- Published on Monday, 20 January 2014 12:58
That there are temperature and humidity gradients along mountains which create microclimates is well known. Indeed, biologists who study alpine ecosystems are often utterly unsuprised to find entirely different species dwelling just ten meters above others. The tall trees of rainforests, in theory, should create similar microclimates, but they have never been studied in this way. Now a team is revealing that such microclimates do exist and, more importantly, that they shift with altitude. Read on here.
Photo courtesy of Ales Kocourek.
Where teeth came from
- Published on Friday, 10 January 2014 13:05
Which came first the mouth full of teeth or protective armor? It sounds like a bad chicken and egg joke but it is one that palaeontologists take rather seriously. For years the guess was that the first bones were teeth used for hunting and that the protective exoskeletons covering early fish followed, but now a study is revealing that the truth is the other way around. The new work focuses on a group of ancient jawless animals known as conodonts that died out during the late Triassic. These eel-like creatures lacked skeletons but had bits in their mouths that were hard, readily fossilised and were comprised of tissues that look like dentine and enamel. Since the teeth of fish, dogs, dinosaurs and people are made of these materials, the assumption has long been that teeth evolved in conodonts and that the exoskeletal armor that covered the first fish later developed from them. Apparently this is all wrong... Read on in my article in Nature.
Learning from lemurs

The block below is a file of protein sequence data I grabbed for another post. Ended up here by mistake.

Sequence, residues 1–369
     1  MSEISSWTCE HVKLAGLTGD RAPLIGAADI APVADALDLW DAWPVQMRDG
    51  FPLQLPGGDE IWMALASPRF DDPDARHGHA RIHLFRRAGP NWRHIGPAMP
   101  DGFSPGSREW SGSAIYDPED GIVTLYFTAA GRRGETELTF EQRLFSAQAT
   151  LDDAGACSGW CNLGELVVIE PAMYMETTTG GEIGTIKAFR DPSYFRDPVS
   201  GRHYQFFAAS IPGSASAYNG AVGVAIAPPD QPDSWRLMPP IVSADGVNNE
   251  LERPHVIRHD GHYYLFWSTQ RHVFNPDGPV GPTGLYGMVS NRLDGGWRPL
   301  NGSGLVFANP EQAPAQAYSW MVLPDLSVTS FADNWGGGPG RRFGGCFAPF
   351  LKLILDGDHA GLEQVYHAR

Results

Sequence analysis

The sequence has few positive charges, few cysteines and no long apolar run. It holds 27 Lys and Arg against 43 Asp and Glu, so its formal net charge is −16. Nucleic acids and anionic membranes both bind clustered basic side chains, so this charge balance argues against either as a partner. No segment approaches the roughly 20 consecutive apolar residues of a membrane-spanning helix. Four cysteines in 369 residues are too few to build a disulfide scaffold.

- Published on Monday, 30 December 2013 13:20
To learn language, infants must do more than tune in to the sounds of their native tongue, they must also discover how these sounds are linked to meaning. Recent work has demonstrated that infants do this by entering a state of in-depth processing when they hear human vocalisations. More specifically, when they were presented with numerous images of dinosaurs and fish which were accompanied by either differing tonal beeps that were correlated to the differing groups (dinosaurs vs fish), differing human sounds (also correlated), or no audio at all, the infants demonstrated that they were able to discriminate between dinosaurs and fish only when they had been associated with differing human sounds. The results revealed that hearing human vocals confered an adaptive advantage by aiding infants in the fundamental cognitive process of categorisation. Intriguing as the find is, it leaves open a key developmental question: What is the developmental origin of this link?
Some have argued that the link is specific to human vocalisations from the start while others have argued that it derives from a broader template that initially also encompasses the vocalisations of non-human primates. Now a team is addressing this matter directly by running the dinosaur/fish category experiment again, but this time with a new auditory signal - lemur calls. Remarkably, children at the ages of 3 and 4 months learn to build the categories dinosaurs and fish when these images are supported by lemur screams just as effectively as when they hear human vocalisations. Read on in my article in The Economist.
Photo courtesy of IParjan.
The sound of morality
- Published on Friday, 20 December 2013 12:19
During the US presidential campaign, Mr Obama came under public scrutiny when Mitt Romney, criticised him for having eaten dog as a child in Indonesia. In a quick counter attack, Mr Obama pointed out that Mr Romney put his dog in a crate fastened to the roof of his car while embarking on a 12 hour drive from Massachusetts to Canada. Many expressed moral outrage at both Mr Obama and Mr Romney. But the nature of the condemnation may have been quite different. Eating dogs and harming dogs are thought to elicit two very different emotions: anger and disgust. They are easy enough to tease apart when seen, but we know precious little about how they affect the way we make moral judgements.